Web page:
|This online workshop introduces participants to R, RMarkdown, Blogdown, and GitHub to create and host a personal (academic) website. The workshop combines input presentations from the course instructors and interactive exercises and consists of three parts.
This two-day workshop will take place over the following dates:
DS26 - Creating and Hosting an Academic Website 1: A Short Introduction to R, Friday 6 May, 09:00–13:00, online
The first part of the workshop provides a concise introduction to R for absolute beginners. We will cover basic operations and objects, how to create an R project, how to save R scripts, how to run code reproducibly, and how to import and visualise data. Participants without prior knowledge of R or RStudio need to participate in this part of the workshop, while this short introduction to R is not mandatory for advanced R users.
DS27 - Creating and Hosting an Academic Website 2: An Introduction to RMarkdown, Git and GitHub, Friday 20 May, 09:00–13:00, online
Transparent research practices and the reproducibility of results are highly relevant for all academic projects. A reproducible workflow is fundamental to keep track of progress and changes. RMarkdown, Git, and GitHub are popular tools for setting up a reproducible workflow for research projects. In this session, we will create reproducible reports in RMarkdown, and how to use Git and GitHub to set up a reproducible workflow and implement version control. In addition, this part of the workshop will briefly outline how users can host and update a website.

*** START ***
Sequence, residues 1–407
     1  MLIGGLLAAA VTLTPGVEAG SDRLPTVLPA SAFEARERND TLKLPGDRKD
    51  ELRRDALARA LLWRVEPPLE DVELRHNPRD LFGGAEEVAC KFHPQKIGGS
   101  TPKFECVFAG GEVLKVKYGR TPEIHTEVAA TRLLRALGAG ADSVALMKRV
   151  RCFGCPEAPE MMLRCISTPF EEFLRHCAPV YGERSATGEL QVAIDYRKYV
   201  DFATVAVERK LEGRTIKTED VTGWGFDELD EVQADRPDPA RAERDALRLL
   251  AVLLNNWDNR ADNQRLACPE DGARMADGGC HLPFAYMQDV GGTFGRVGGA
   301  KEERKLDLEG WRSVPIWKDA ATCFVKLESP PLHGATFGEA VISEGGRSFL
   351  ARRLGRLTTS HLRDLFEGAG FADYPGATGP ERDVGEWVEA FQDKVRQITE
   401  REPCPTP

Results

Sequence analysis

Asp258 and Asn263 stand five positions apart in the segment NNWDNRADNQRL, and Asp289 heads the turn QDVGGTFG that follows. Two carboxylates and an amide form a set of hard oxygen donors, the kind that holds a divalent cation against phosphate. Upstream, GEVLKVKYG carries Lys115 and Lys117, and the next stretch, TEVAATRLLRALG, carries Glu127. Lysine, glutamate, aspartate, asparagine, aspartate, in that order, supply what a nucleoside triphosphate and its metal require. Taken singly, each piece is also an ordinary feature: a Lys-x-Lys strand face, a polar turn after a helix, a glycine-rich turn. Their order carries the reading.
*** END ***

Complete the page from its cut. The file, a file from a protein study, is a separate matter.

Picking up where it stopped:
DS28 - Creating and Hosting an Academic Website 3, Friday 20 May, 14:00–18:00, online
In the last interactive part of the workshop, participants will learn how to set up their academic website using Blogdown, Hugo templates, and GitHub. After outlining the main features required for a professional academic website, the course presents step-by-step instructions for creating such a website. After completing the workshop, participants have the skills necessary to set up their website.
Stefan Müller is an Assistant Professor and Ad Astra Fellow in the School of Politics and International Relations at University College Dublin. Previously, he was a Senior Researcher at the University of Zurich.
Stefan’s research focuses on political representation, party competition, political communication, public opinion, quantitative text analysis, and the application of computer vision techniques. His work has been published in journals such as the American Political Science Review, The Journal of Politics, Political Communication, the European Journal of Political Research, and Political Science Research and Methods, among others.
Stefan is a founding member of the Connected_Politics Lab, a non-resident fellow at the Digital Democracy Lab at the University of Zurich, a member of the UCD Energy Institute, co-author of the quanteda R package, and maintainer of the Irish Polling Indicator.
PhD students of the Graduate Institute will be informed of each workshop by email. For any questions regarding registration to the workshop, please contact: email@example.com